But a lot of others have. She did acknowledge Tom Piazza's City of Refuge and something else she described as "a comic book," not even a graphic novel. Since she mentioned the comic book, I'm going to decide that she isn't a literary snob, she just doesn't know about the many books and short  stories  that have made it through the Big Pub sausage-grinder.  One of the first on the scene was Patty Friedmann's very good but highly  under-appreciated A Little Bit Ruined.

New Orleans Noir, a book I myself edited, contained no fewer than eight post-K short stories, every one of which I commend not only to Ms. Schama, but to anyone. Two post-K books have become best-sellers, that I know of, one by James Lee Burke, the other by Erica Spindler. Other authors who've honorably tackled the subject are Tony Dunbar, Greg Herron, and Jean Redmann.  And it's also notable that Ellery Queen Mystery Magazine devoted a whole issue to New Orleans, containing several post-K stories.

I doubt Ms. Schama ever heard of EQMM, as it's affectionately known, so I'm cutting her slack for that. But what about every other book and story in the preceding paragraph? They're all mysteries, thus not "major," but then again she did mention the comic book as well as the movie Bad Lieutenant, noir by every description. So by Ms. Schama's own standards, surely these works should count if those do.

Wednesday, September 8, 2010


Late, but I have new info! Well, new to me, though possibly not to Jennifer Weiner, who it will be remembered, along with Jodi Picoult, took on the early canonization of Jonathan Franzen sometime in the distant past. AKA last week. Their point, or one of them, was their distress at not, as women, getting enough respect from the literary establishment.  I was particularly struck by something Weiner said, which to paraphrase, was that she was no Jonathan Franzen, but why couldn't she be treated as well as Nick Hornby or Jonathan Tropper?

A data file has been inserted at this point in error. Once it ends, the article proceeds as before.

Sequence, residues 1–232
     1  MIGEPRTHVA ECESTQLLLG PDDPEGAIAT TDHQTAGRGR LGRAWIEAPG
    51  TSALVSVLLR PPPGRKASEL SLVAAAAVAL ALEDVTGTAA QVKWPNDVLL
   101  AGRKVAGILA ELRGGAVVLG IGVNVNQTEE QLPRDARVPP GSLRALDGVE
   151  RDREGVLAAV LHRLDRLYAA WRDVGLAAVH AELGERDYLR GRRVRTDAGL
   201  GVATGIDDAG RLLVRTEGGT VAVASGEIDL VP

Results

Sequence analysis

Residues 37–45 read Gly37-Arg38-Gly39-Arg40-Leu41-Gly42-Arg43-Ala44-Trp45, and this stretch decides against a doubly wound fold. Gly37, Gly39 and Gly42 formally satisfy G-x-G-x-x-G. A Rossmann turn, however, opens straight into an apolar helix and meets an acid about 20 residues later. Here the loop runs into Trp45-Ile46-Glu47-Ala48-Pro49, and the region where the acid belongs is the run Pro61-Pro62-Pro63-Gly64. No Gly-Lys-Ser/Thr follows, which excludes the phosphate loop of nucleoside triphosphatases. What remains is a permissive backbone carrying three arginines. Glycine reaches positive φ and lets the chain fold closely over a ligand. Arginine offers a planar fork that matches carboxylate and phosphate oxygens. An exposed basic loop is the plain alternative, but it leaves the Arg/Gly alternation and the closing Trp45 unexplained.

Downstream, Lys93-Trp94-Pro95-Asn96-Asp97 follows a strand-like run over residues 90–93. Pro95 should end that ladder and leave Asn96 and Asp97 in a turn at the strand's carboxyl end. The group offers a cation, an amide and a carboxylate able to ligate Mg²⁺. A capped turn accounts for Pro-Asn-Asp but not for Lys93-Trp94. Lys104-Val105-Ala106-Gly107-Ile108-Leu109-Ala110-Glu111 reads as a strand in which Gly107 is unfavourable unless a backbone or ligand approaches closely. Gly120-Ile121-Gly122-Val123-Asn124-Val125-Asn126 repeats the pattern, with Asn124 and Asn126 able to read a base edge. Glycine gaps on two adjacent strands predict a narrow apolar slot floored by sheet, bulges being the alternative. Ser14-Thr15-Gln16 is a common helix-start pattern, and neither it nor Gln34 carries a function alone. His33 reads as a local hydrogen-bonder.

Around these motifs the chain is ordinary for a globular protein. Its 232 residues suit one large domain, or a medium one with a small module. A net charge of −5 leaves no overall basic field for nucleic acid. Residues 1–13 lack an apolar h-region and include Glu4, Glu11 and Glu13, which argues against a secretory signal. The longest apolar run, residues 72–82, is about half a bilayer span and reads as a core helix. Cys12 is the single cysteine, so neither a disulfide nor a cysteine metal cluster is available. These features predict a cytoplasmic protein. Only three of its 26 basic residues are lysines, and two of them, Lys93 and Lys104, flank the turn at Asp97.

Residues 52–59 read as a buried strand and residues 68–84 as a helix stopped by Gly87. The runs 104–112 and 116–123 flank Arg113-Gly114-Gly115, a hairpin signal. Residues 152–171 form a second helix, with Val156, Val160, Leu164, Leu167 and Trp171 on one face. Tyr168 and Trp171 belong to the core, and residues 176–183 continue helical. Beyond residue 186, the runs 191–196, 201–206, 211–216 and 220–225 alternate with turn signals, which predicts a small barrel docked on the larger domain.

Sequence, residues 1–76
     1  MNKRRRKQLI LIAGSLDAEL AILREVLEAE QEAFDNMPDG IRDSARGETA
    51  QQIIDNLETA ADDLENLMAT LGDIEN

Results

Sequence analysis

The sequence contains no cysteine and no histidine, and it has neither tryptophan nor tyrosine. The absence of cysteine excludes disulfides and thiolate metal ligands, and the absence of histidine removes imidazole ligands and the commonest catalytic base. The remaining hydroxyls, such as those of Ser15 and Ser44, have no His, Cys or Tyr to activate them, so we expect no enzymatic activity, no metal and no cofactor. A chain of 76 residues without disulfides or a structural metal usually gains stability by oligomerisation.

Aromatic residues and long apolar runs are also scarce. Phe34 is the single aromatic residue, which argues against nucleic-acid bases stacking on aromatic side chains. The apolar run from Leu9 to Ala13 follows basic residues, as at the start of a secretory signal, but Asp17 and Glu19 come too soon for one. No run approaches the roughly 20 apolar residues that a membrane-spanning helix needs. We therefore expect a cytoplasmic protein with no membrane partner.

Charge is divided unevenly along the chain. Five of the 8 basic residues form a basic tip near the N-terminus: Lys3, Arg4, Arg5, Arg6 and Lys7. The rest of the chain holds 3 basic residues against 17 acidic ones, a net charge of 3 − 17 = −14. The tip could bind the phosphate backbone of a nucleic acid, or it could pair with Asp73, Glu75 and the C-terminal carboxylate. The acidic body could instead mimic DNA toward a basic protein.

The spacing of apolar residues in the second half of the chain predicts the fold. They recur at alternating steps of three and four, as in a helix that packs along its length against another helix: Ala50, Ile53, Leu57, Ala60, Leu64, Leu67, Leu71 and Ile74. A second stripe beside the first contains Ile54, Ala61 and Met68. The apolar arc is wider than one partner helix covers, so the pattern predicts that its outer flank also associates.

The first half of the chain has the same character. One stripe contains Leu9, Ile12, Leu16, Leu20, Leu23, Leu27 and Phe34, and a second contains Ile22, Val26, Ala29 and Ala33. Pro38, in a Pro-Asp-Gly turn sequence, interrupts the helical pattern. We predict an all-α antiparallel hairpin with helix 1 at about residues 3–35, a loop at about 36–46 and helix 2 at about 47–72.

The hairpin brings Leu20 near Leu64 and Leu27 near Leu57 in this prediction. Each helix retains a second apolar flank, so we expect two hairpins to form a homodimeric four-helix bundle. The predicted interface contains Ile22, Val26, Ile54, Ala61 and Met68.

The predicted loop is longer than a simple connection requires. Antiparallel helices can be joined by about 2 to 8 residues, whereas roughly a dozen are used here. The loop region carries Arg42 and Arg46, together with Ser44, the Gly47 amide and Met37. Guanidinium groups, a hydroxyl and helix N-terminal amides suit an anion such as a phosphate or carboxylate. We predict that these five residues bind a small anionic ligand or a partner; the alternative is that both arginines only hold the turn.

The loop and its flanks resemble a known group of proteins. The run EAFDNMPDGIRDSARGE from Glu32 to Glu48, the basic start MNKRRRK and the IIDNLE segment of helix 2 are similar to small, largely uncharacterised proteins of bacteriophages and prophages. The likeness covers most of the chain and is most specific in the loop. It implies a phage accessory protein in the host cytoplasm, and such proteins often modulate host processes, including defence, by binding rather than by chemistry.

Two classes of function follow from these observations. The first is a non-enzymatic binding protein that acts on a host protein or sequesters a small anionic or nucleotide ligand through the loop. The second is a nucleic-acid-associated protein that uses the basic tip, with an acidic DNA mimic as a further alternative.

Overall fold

At the time,  I had no opinion, having read one Picoult, almost all of Weiner,  and one Hornby, with varying degrees of enjoyment. But no Tropper. However, I did have a copy of Tropper's THIS IS WHERE I LEAVE YOU on my TBR pile. So I  picked it up, ripped through it, and loved it!  Yet also found that Weiner not only has a point, she has a major, scary point.

Omigod, that was a funny book! I thought I'd die when the D-cup mom having the affair with the female neighbor at her husband's shiva  gives her kid a tube of K-Y jelly along with with tips on how to masturbate at Friday night dinner! Completely rolled on the floor.

It's actually the kind of thing Weiner can do just as well.  But I have a feeling if  she had, reviewers would have sneered. Tropper's book's a coming-of-age story about a 35-year-old guy, practically a genre,  and a well-respected one. But if  someone tried to write about a  woman as whiny and distant as Tropper's hero, she'd get slapped around, I'm pretty sure. (Not meant as a criticism of  Tropper; I   have personally known a number of immature and self-pitying, although very smart 35-year-old males, especially when I was 35, so I know this is a phenomenon that needs to be addressed.)